bims-meprid Biomed News
on Metabolic-dependent epigenetic reprogramming in differentiation and disease
Issue of 2021‒12‒12
four papers selected by
Alessandro Carrer
Veneto Institute of Molecular Medicine

  1. Front Immunol. 2021 ;12 772304
      In the past decade, aberrant O-GlcNAcylation has emerged as a new hallmark of cancer. O-GlcNAcylation is a post-translational modification that results when the amino-sugar β-D-N-acetylglucosamine (GlcNAc) is made in the hexosamine biosynthesis pathway (HBP) and covalently attached to serine and threonine residues in intracellular proteins by the glycosyltransferase O-GlcNAc transferase (OGT). O-GlcNAc moieties reflect the metabolic state of a cell and are removed by O-GlcNAcase (OGA). O-GlcNAcylation affects signaling pathways and protein expression by cross-talk with kinases and proteasomes and changes gene expression by altering protein interactions, localization, and complex formation. The HBP and O-GlcNAcylation are also recognized to mediate survival of cells in harsh conditions. Consequently, O-GlcNAcylation can affect many of the cellular processes that are relevant for cancer and is generally thought to promote tumor growth, disease progression, and immune escape. However, recent studies suggest a more nuanced view with O-GlcNAcylation acting as a tumor promoter or suppressor depending on the stage of disease or the genetic abnormalities, proliferative status, and state of the p53 axis in the cancer cell. Clinically relevant HBP and OGA inhibitors are already available and OGT inhibitors are in development to modulate O-GlcNAcylation as a potentially novel cancer treatment. Here recent studies that implicate O-GlcNAcylation in oncogenic properties of blood cancers are reviewed, focusing on chronic lymphocytic leukemia and effects on signal transduction and stress resistance in the cancer microenvironment. Therapeutic strategies for targeting the HBP and O-GlcNAcylation are also discussed.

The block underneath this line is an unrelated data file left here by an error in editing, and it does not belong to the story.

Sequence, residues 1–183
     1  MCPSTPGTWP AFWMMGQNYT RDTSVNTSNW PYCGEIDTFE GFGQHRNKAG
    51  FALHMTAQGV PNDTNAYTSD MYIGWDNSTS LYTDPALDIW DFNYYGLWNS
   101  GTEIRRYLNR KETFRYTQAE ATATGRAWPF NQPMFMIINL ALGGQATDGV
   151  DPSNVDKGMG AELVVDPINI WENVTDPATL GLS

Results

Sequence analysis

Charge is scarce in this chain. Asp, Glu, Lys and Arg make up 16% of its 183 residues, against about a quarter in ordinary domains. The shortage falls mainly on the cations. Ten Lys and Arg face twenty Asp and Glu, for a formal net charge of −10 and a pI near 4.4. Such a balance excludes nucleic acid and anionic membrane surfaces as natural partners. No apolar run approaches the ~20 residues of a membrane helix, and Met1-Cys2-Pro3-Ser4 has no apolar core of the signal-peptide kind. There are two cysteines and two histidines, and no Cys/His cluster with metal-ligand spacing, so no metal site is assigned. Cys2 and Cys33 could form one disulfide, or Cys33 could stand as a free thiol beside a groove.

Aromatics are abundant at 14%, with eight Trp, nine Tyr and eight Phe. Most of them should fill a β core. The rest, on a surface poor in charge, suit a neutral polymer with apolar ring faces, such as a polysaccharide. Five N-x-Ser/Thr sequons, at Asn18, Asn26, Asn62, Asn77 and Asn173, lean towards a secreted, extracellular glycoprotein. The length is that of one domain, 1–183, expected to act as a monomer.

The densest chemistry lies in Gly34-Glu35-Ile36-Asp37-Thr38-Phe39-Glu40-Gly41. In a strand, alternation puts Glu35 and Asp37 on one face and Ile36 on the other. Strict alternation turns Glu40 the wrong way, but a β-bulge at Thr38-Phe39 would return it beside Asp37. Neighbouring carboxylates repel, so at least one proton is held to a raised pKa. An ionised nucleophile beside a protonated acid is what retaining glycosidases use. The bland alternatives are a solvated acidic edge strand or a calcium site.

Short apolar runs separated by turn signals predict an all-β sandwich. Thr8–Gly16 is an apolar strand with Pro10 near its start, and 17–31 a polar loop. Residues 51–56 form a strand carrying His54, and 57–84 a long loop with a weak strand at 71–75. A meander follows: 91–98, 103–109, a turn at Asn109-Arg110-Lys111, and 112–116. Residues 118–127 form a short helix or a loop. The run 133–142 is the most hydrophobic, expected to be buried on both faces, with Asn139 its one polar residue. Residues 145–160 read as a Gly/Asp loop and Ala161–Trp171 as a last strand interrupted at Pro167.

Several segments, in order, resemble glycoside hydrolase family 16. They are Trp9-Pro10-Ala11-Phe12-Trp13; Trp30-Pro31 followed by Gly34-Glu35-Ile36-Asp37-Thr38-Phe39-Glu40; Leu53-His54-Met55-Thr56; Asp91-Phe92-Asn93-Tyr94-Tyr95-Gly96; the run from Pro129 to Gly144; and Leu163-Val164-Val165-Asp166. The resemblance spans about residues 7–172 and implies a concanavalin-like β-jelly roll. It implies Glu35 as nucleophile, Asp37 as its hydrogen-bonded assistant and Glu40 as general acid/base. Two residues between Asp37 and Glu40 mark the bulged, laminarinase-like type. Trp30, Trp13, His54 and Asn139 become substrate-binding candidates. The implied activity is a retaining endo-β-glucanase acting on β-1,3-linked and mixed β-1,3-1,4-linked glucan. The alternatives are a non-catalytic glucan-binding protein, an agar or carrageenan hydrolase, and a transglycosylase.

Keywords:  O-GlcNAc transferase (OGT); O-GlcNAcase (OGase); O-linked β-D-N-acetylglucosamine (O-GlcNAc); cancer; chronic lymphocytic leukemia; cytokines; metabolism; signal transduction
  2. Trends Plant Sci. 2021 Dec 02. pii: S1360-1385(21)00284-3. [Epub ahead of print]
      In eukaryotes, dynamic chromatin states are closely related to changes in gene expression. Epigenetic modifications help plants adapt to their ever-changing environment by modulating gene expression via covalent modification at specific sites on DNA or histones. Sugars provide energy, but also function as signaling molecules to control plant growth and development. Various epigenetic modifications participate in sensing and transmitting sugar signals. Here we summarize recent progress in uncovering the epigenetic mechanisms involved in sugar signal transduction, including histone acetylation and deacetylation, histone methylation and demethylation, and DNA methylation. We also highlight changes in chromatin marks when crosstalk occurs between sugar signaling and the light, temperature, and phytohormone signaling pathways, and describe potential questions and approaches for future research.